Magic Tree House’s Jazz Age tale hits all the right notes

Imagine–just for a second–that Louis Armstrong weren’t the King of Jazz. Now imagine you could go back in time and do something about that. That’s the premise of Emerald City Theatre’s “Magic Tree House: A Night in New Orleans,” a love letter to the city of beignets and brass bands in the beautiful Broadway Playhouse.

If you go

Runs through April 17 at the Broadway Playhouse at Water Tower Place

www.broadwayinchicago.com

 

Nora

Keely’s daughter, Nora, was so excited to meet Mary Pope Osborne and her husband Will.

Based on the wildly popular Magic Tree House book series by Mary Pope Osborne–and with book and lyrics by Osborne’s husband Will Osborne and Murray Horwitz–”A Night in New Orleans” (taken from the book “A Good Night for Ghosts”) follows perpetual adventurers Jack and Annie on their quest back to 1915 to find teenaged Louis Armstrong and set him on his rightful, Jazz Age trajectory. Along the way they’ll soak in the occasionally haunting, always enthralling New Orleans ambience, try out some jazz scat of their own and, yes, even discover what the heck makes gumbo so darned delicious.

The show’s not without its lessons, however. Sure, Jack and Annie may have met dinosaurs and ancient Greeks, but nothing can prepare them for the puzzling fact of segregation or the knowledge that a kid their age might need to have three or four jobs to barely make ends meet. The messages are delivered delicately and seamlessly, however, and by the end of the show you’ll be rooting for the young Armstrong alongside his new Pennsylvania pals. Sydney Sarah Stier, Magic Tree House’s Annie, loves her character’s willingness to try new things. “She jumps into any experience with no hesitation or regrets,” she tells me. Gilbert Domally, who plays Dipper, A.K.A. young Louis Armstrong, likes that “Dipper is not a stranger to hard work. He knows what his responsibilities are and he does his best to handle them with a cheery disposition.”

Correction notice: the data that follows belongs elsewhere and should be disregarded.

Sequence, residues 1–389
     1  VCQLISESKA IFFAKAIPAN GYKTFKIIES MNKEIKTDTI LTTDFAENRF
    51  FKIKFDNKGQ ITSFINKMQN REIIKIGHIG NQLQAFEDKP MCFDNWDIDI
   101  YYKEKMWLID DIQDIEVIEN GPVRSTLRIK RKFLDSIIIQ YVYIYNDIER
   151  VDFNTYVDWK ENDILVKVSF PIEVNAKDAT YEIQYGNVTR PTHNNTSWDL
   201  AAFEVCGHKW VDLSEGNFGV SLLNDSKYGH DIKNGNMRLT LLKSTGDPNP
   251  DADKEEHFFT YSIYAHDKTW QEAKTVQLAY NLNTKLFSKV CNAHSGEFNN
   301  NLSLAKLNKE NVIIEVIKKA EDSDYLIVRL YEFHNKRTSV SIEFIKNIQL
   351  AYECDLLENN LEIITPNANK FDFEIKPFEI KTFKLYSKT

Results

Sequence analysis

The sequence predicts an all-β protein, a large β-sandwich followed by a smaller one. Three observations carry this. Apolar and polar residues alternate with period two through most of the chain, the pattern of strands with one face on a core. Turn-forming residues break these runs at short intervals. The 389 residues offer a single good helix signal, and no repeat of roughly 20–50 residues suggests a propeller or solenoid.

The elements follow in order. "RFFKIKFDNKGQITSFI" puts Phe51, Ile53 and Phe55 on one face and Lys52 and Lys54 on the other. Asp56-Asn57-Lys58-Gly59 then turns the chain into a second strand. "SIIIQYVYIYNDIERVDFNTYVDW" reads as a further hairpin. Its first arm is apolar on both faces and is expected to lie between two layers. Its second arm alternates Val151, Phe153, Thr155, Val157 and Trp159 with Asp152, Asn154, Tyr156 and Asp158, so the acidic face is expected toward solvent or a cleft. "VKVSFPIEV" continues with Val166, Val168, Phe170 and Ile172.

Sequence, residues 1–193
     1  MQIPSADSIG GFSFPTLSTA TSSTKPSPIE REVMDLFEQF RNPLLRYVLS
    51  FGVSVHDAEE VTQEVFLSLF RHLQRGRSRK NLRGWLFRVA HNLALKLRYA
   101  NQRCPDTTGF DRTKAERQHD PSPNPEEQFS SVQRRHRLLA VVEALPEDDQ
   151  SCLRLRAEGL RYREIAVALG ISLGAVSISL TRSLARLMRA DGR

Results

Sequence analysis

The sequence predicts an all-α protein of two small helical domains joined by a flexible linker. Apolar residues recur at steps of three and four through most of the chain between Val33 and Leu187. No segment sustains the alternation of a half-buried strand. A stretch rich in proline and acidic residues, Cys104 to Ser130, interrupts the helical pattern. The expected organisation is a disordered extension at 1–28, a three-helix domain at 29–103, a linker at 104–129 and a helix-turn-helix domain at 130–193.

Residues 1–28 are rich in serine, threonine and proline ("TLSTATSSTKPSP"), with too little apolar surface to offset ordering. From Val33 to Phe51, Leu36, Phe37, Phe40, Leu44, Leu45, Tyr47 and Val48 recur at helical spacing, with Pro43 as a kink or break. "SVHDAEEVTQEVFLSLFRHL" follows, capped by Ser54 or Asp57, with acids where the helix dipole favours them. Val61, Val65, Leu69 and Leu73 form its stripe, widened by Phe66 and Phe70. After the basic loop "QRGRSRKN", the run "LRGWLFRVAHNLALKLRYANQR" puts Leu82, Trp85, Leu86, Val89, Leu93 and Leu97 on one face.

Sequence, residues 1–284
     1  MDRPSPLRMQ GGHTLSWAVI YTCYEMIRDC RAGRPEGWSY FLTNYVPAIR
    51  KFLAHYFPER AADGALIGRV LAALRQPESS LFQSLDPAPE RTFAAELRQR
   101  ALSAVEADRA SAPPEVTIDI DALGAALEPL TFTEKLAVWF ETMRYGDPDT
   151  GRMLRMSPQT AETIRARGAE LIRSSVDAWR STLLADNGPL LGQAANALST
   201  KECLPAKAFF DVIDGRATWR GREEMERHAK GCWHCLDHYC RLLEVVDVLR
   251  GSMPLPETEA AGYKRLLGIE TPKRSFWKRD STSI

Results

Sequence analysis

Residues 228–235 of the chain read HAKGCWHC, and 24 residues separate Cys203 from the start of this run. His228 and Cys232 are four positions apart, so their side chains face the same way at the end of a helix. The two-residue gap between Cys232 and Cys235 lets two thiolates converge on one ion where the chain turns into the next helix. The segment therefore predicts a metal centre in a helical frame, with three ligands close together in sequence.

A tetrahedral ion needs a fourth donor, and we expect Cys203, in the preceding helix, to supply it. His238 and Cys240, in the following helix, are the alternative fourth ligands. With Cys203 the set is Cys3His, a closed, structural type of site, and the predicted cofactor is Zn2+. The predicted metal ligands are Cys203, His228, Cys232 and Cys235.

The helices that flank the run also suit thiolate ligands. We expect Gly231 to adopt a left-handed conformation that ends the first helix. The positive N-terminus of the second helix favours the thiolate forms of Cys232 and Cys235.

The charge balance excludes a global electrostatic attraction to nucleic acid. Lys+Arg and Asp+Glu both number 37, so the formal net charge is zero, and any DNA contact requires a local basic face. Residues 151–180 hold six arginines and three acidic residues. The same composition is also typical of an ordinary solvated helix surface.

The cast, directed by Samuel Roberson, is exceptionally solid. Dipper is played pitch-perfectly by Domally with a mix of genuine enthusiasm and amused tolerance at the antics of the two time travelers. The main duo of Jack (Garrett Lutz) and Annie are eager, utterly likable and “just like the book,” according to my 6-year-old co-reviewer. And Dipper’s pals Lil Mac, Big Nose Sidney and Happy (Charli Williams, David Robbins and Trequon Tate, respectively) knock it out of the park with musical and physical dexterity–changing it up to play a variety of vibrant, New Orleans townspeople.

The takeaway that the cast hopes its younger viewers will understand? “It’s never too late to try something new, especially if it makes you happy,” says Stiers. Domally agrees, “[I]t’s okay to dream unapologetically!”

The music–with additional selections and lyrics by Allen Toussaint–is wonderful. The show, skipping along at just around an hour, is extremely enjoyable. And the setting (crafted with incredible detail), will make you want to take a trip of your own to the Big Easy–and now your kids’ll want to come, too.

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